XVI International AIDS Conference, Toronto, Canada. 13-18 August 2006
The XVI International AIDS Conference is the largest meeting of its kind. This year around 24,000 people traveled to Toronto to choose from over 4000 studies covering all aspects of HIV including basic science, clinical science, epidemiology, prevention, behavioural and policy-related research. It is organised every two years by the International AIDS Society (IAS) and since 2000 has alternated between northern and southern countries.
The meeting also now reflects the urgency and inequalities of the global epidemic, and treatment access takes an increasingly high profile.
In this issue we report on durability of treatment in several access programmes and highlight several other aspects of treatment important in developing countries, especially paediatric treatment.
Much of the scientifically data was compressed into an extended Track B late-breaker session. This session included studies with several drugs with potential to treatment drug-resistant HIV including MK-010518 (an integrase inhibitor), maraviroc (a CCR5 inhibitor), TNX-355 (a monoclonal antibody), together with several lopinavir/r monotherapy studies and the head-to-head study between fosamprenavir and lopinavir/r. This generated an optimisim for pipeline drugs, supported by studies on darunavir (TMC-114) and etravirine (TMC-125), presented in the main meeting.
While it is unlikely that the title for the conference Time to Deliver – as with earlier meeting titles such as Bridging the Gap, Breaking the Silence and Access for All – will change the reality for most people living with HIV, the intention to focus on access issues is at the centre of the meeting.
Key lectures at the opening and closing ceremonies, together with many of the oral sessions, focused on treatment access. Stephen Lewis was one of the speakers to close the conference, giving his last speech as UN Ambassador for AIDS in Africa. He received a standing ovation, largely for broadening his talk to clear political and social concerns: the disproportionate of HIV on women, their own abysmal track record of equitable inclusion of women within the UN system, and political leadership most particularly from South Africa (see below).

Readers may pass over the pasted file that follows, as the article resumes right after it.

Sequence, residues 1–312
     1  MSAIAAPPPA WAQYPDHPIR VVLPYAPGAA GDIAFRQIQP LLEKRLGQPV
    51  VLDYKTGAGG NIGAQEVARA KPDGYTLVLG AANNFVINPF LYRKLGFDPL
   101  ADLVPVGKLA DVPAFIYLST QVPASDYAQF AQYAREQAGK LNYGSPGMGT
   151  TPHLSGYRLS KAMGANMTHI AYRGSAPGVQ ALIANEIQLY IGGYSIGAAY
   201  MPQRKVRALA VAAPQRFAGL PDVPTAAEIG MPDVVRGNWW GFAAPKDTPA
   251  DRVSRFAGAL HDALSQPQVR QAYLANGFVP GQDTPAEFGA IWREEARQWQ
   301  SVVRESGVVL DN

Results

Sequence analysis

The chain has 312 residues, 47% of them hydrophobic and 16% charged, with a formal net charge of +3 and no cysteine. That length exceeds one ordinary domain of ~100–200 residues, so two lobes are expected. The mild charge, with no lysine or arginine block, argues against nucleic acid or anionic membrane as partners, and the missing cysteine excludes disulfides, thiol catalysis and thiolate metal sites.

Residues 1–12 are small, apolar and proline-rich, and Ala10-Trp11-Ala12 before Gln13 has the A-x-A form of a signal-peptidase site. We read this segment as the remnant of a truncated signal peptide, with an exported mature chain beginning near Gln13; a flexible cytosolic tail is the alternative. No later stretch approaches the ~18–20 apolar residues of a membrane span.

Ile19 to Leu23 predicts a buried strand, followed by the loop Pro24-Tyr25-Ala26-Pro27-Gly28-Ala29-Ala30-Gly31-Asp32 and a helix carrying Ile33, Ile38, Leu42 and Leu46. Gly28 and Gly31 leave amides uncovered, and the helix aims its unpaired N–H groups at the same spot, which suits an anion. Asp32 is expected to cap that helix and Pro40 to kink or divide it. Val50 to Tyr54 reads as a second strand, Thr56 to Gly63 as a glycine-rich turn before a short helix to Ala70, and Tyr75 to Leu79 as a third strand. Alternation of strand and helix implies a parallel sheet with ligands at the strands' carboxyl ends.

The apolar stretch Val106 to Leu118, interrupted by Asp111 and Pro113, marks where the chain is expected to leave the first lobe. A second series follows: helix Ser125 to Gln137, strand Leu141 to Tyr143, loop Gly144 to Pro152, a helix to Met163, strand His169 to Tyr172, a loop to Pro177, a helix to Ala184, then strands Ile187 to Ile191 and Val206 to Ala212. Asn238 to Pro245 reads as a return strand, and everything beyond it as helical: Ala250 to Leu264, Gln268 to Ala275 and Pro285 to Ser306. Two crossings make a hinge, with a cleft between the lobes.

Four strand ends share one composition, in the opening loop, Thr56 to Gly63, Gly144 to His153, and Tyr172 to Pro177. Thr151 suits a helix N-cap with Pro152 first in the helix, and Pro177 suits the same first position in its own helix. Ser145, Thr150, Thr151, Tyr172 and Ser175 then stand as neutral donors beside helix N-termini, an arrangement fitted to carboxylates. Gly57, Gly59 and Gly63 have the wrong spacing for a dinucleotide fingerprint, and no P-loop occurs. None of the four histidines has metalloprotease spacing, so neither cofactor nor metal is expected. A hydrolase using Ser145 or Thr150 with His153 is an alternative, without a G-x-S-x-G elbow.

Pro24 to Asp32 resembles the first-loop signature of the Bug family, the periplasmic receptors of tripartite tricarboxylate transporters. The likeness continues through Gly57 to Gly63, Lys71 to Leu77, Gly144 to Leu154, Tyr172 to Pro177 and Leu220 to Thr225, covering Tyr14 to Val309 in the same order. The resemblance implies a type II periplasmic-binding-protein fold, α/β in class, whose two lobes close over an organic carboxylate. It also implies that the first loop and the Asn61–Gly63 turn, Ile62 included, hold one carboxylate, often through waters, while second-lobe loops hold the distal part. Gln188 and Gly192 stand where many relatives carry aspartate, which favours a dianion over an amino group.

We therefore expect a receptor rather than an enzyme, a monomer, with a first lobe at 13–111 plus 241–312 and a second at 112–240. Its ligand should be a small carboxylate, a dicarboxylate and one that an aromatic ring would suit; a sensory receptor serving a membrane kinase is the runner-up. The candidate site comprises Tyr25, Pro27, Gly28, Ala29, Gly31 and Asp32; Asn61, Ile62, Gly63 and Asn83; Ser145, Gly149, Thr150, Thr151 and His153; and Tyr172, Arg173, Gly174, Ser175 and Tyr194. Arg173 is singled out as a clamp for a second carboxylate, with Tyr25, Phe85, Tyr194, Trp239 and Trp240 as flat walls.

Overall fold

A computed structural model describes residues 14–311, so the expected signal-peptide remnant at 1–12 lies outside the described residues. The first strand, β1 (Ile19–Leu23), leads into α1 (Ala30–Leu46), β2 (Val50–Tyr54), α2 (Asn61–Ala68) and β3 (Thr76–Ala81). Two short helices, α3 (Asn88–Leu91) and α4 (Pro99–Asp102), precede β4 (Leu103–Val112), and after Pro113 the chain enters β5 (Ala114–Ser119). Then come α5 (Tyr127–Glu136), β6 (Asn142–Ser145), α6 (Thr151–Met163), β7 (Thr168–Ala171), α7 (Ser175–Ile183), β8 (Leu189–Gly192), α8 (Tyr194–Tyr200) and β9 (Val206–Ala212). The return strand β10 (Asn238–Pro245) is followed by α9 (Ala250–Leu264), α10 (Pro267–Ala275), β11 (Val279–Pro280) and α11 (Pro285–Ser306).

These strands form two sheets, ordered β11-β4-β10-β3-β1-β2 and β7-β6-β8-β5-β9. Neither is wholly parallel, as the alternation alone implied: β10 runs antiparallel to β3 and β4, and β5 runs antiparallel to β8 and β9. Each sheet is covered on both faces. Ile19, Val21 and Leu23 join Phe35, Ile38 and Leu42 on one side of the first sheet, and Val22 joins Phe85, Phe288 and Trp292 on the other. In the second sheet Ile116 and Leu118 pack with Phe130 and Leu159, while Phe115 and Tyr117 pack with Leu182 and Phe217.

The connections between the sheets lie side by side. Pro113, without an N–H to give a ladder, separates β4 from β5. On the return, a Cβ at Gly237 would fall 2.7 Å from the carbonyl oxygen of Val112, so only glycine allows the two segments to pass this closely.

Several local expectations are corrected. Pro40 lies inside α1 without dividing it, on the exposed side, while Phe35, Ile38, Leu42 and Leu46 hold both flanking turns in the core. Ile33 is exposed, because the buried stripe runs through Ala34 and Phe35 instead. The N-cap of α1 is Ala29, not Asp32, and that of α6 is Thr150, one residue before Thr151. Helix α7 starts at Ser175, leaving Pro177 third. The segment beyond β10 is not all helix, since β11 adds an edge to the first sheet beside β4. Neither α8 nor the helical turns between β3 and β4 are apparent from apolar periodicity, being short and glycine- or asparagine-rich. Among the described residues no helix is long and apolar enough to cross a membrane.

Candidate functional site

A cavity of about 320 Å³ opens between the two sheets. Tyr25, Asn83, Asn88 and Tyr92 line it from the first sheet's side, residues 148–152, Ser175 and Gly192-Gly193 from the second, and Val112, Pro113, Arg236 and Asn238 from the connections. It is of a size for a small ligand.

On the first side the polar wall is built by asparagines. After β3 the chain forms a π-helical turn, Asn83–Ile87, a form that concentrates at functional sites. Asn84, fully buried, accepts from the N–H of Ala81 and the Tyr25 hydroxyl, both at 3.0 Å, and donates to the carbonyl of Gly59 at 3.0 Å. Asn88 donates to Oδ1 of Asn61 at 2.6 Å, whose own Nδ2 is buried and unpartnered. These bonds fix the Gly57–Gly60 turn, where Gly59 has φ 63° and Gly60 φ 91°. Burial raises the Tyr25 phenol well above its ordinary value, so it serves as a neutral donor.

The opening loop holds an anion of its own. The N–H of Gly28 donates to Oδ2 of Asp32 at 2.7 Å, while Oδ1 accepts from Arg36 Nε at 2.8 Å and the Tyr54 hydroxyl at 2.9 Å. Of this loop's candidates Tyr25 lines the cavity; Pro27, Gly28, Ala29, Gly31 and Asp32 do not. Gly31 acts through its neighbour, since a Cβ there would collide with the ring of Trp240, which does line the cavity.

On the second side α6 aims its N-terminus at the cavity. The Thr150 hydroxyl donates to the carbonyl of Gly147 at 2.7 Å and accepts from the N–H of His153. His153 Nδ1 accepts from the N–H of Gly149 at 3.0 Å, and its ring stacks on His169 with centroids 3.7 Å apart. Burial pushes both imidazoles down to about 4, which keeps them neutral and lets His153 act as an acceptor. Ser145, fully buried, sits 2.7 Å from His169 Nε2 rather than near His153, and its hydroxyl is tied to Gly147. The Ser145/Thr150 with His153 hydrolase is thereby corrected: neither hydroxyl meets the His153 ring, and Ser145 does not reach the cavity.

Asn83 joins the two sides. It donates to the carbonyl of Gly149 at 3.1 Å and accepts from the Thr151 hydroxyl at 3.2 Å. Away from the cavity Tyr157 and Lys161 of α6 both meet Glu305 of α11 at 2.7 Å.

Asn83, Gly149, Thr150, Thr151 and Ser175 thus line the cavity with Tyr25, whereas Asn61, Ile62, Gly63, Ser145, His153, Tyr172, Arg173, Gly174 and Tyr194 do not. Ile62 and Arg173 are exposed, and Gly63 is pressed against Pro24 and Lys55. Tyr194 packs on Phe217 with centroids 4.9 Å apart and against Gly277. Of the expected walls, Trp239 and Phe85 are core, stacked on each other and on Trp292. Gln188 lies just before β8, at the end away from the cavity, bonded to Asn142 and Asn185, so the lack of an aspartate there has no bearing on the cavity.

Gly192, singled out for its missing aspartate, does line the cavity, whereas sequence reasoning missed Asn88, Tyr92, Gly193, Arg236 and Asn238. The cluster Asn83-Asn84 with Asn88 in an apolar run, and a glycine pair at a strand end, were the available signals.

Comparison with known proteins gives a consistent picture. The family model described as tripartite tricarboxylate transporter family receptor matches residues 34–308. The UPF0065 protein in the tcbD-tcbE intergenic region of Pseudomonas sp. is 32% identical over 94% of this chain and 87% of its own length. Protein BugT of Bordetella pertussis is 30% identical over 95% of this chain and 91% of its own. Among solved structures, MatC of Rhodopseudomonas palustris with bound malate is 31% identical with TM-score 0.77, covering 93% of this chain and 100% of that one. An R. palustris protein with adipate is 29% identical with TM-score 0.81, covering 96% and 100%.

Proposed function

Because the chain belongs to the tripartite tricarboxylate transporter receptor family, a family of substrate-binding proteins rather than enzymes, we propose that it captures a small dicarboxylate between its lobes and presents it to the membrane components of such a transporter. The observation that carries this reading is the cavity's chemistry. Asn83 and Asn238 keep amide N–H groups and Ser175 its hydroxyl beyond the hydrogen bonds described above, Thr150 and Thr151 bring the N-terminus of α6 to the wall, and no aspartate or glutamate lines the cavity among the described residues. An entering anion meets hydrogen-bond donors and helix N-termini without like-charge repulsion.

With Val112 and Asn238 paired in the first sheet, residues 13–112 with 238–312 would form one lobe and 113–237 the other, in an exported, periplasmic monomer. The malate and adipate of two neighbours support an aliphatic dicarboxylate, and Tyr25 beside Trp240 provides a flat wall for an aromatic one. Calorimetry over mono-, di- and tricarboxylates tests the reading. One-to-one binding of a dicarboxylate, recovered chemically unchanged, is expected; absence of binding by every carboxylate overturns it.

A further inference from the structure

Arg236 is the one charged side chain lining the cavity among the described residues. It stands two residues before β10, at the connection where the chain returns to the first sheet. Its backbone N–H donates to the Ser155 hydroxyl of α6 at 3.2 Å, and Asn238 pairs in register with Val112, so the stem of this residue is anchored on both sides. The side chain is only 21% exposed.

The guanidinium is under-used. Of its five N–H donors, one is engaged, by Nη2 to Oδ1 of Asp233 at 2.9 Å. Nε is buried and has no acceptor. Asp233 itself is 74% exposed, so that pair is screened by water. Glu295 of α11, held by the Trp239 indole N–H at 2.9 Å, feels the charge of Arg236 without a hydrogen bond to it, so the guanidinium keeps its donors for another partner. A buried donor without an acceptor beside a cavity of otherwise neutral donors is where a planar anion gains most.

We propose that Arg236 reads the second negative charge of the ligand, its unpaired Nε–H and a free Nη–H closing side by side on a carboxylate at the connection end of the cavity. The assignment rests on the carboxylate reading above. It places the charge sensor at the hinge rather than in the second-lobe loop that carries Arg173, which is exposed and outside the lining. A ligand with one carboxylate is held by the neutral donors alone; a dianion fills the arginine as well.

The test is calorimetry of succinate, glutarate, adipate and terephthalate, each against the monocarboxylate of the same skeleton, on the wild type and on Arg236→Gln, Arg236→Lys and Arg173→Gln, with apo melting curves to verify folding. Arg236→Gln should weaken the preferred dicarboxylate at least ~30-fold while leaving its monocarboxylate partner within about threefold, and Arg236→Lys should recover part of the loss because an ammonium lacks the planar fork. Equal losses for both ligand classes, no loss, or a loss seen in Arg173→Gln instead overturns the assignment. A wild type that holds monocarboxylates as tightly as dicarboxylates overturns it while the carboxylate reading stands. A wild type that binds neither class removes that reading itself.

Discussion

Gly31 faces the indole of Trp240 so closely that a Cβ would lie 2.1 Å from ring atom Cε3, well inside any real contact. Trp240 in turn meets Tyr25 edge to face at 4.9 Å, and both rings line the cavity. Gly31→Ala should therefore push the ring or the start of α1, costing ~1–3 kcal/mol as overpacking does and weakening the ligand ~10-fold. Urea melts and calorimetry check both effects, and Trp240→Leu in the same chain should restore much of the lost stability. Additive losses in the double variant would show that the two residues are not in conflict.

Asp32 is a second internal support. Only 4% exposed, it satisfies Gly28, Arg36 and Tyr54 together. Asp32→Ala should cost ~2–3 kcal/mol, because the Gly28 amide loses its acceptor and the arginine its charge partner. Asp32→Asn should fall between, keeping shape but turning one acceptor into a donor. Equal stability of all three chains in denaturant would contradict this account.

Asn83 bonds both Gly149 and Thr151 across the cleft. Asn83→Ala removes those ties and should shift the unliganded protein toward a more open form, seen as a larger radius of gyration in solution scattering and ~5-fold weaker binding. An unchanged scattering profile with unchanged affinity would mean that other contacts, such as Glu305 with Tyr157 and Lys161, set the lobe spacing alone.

However, while over 1.5 million people are now on treatment – half of the WHO target for the end of 2005 – most concerns about the goal of universal access by 2010, are linked to financial scale-up and sustainability. Repeated calls at the meeting were made for individual country to make clear national targets for their HIV programmes for 2010 due to be set by December 2006, but not so far released by any government.
Other speakers at the meeting highlighted again and again, that we have everything we need to stop HIV and to treat people already living with the virus; what we lack is political will for change, and in this we are all responsible for positions taken by our own governments.
Three community delegates were also given unprogrammed one minute slots to address the final closing ceremony. In perfect balance to the official positions driving towards access, Loon Gangte, from the Delhi Network of People Living with HIV was able to articulate a first-person demand that the audience would otherwise never have heard so clearly: we demand universal free access to all essential medicines.
Given that first line therapy has only been possible because of generic manufacturers, and that newer drugs for second-line therapy are barely available and linked to new restrictions on patent use, he continued when you sign free trade agreements, you sign away our lives.
Some of the excellent general sessions, debates and press conferences are also available online as;
Webcasts, podcasts and transcriptions by Kaisernetwork.org.
The conference website includes abstracts for all presentations, and powerpoint slides from many studies. These are available by viewing the online conference programme, and following the link to the session in which the study was presented.
Abstracts for all presentations
Our own reports relating to clinical studies from the conference covered in this issue of HTB.